The most commonly said words during discussion at the  meetings between the port authority and stakeholders about the development of Cow Bay.

The most commonly said words during discussion at the meetings between the port authority and stakeholders about the development of Cow Bay.

Port Authority to unveil design for expanding Cow Bay on Tuesday

The Prince Rupert Port Authority will be holding an open house to show off the design for the new Cow Bay at the Crest Hotel on Tuesday.

The public will be able to get its first look at the future of Cow Bay on Tuesday.

The Prince Rupert Port Authority is holding an open house to show off its long-awaited development plans at the Crest Hotel from 6:00 pm to 8:00 pm.

The designs are the fruition of work done by MacFarlane Biggar Architects & Designers which was hired by the Port Authority back in November. The Port Authority held meetings with a number of  groups with a stake in the future success of the Cow Bay area – everyone from Cow Bay merchants to First Nations groups – to find out what they wanted in an expanded Cow Bay. That information was given to the architects and now the designs are ready.

“The approach to the development recognizes that it’s a critical element for the port’s success in becoming a global port that we have a community and people be a part of that and be central to our success. Attracting and retaining good people [to the city] is important, and part of that is making a more livable community,” says the port authority’s director of Trade Development, Andrew Hamilton.

So far, the full details on what the design will actually entail are being kept under wraps until they can presented to city council on Monday and to the public at large at Tuesday’s open house, where people will even be able to meet the architects.

One thing for certain is that Cow Bay will be bigger. The port authority already owns waterfront properties in the cow bay area which it plans to use, and is planning to buy from the City the land that the Atlin Terminal parking lot sits on, as well as the empty lot on the corner of Cow Bay Road and Mason Way.

Hamilton says that there were six principles that the port authority wanted the design to follow.

One, that there be public spaces with pedestrian access given the priority, be measures to calm traffic and be places for people to mingle. There’s even a market square included in the design.

Two, that it be a mixed use area with opportunities for small businesses, buildings with multiple uses and re-purposing old ones. The port authority points to Granville Island in Vancouver or the Village of Ganges on Saltspring Island as examples for how this might work.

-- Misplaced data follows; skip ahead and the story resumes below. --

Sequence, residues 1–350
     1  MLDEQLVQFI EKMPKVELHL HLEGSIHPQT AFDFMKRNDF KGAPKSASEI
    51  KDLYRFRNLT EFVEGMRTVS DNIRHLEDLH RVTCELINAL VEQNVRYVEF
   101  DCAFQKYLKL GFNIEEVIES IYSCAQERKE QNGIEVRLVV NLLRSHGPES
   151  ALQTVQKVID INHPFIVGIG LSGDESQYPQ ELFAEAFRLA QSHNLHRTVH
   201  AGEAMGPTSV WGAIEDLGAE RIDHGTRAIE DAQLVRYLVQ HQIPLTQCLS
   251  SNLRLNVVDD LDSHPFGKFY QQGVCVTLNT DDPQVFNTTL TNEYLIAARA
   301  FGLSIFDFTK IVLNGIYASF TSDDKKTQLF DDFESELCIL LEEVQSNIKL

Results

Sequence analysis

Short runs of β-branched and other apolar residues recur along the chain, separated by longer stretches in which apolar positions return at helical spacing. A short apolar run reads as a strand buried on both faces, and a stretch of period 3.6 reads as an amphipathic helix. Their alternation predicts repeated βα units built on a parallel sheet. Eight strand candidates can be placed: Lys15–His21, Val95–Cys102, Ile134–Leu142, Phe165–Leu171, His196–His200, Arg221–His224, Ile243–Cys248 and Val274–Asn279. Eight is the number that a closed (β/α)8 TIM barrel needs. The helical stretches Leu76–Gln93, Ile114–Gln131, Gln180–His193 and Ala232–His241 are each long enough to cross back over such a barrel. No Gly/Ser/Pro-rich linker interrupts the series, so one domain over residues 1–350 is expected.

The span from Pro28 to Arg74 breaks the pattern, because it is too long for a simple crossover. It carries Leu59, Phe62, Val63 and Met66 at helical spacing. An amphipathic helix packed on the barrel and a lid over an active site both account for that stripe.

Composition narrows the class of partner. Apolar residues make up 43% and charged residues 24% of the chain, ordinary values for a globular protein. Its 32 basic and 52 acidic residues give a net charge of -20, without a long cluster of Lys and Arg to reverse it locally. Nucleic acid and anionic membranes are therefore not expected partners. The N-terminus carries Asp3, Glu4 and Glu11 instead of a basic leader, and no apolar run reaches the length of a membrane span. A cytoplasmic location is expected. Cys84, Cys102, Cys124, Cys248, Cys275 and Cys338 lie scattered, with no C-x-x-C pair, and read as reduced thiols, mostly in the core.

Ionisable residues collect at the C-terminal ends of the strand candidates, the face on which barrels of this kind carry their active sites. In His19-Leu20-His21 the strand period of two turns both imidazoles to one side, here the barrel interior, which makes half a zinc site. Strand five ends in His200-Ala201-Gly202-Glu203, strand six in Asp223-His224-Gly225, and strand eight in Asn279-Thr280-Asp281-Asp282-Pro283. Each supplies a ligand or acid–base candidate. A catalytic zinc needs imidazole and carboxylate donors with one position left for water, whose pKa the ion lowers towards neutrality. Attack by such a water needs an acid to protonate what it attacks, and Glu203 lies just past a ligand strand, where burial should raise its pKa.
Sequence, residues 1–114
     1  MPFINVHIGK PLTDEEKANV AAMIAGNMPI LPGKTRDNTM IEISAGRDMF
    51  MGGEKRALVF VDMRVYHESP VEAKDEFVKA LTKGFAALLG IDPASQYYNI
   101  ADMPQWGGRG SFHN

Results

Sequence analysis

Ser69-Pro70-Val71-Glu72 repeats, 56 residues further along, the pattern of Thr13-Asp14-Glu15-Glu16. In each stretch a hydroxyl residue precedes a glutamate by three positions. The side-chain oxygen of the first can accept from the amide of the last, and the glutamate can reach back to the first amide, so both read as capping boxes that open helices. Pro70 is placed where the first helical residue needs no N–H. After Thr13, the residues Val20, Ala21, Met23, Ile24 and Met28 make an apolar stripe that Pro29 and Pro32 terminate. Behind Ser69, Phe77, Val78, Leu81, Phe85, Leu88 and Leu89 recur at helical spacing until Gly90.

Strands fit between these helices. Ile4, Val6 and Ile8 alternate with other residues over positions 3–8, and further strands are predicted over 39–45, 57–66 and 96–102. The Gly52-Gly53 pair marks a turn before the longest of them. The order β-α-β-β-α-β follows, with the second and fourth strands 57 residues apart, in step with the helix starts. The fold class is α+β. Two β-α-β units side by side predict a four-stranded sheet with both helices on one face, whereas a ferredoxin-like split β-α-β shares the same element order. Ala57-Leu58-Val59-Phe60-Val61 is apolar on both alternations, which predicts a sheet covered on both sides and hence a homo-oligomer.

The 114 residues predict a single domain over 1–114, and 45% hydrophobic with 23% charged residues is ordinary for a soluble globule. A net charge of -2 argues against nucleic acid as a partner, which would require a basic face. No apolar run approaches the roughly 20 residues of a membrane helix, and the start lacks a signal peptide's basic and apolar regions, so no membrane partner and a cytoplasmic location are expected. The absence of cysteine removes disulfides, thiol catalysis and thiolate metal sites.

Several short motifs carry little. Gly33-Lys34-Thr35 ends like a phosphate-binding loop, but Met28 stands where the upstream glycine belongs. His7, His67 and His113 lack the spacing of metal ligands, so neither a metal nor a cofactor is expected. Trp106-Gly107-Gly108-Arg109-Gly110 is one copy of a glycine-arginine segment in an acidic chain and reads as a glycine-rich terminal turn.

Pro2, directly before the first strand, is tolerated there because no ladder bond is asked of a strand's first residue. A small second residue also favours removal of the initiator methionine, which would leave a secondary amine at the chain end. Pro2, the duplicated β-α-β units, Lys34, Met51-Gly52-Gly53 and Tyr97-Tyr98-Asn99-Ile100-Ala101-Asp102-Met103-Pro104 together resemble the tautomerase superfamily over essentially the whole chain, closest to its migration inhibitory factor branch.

“Obviously it needs to be a commercially viable development, but we also wanted to layer in a number of community spaces. It’s not just about the buildings, its about the spaces in between those buildings,” says Hamilton.

The third principle for the new development is that there should be something going on in Cow Bay all year round during the day and night.  Hamilton says they want it to be a space that people feel they can go and enjoy outside of the 9:00 am to 5:00 pm business day.

Four, they want to area to have a “sense of place” and show off the local ecology, history and  art of Prince Rupert.

The port authority says that its important for the new Cow Bay design to encourage use of the waterfront. They want to make the waterfront easily accessible to the public, and encourage it’s use for fishing, tourism, patios and light industry operations.

“We realize that’s really core to the identity of Prince Rupert, that interaction between water and land, that’s whop we are as a community,” says Hamilton.

The last principle isn’t so much about the design but about what happens after everything is built. The port wants to make sure the area has “good management” and is looking again for ideas from other places such as Granville Island  on how to make sure Cow Bay will encourage fun and social interaction. A large part of this will involve a collaboration with the City of Prince Rupert, says Hamilton.

But not everything along Prince Rupert’s waterfront seems to fit into vision a expanded, more gentrified, pedestrian shopping district Cow Bay. The area also contains many different industrial operations such as boat builders, machinists, auto repairs, propane dealership and more.

“This is one of the elements the architects have embraced. They don’t want us to lose that grittiness, that’s part  of our living heritage. That’s something we want to involve into the design and development. The trick is how to make these two things synergetic,” says Hamilton.

How all of this will be paid for is something that still needs to be worked out. While the port authority will be presenting the plans to city council on Monday, they won’t be asking for anything from the city. Hamilton says that figuring out all the financials is the next step but says the resulting commercial buildings and rental fees will help pay for a lot of the cost.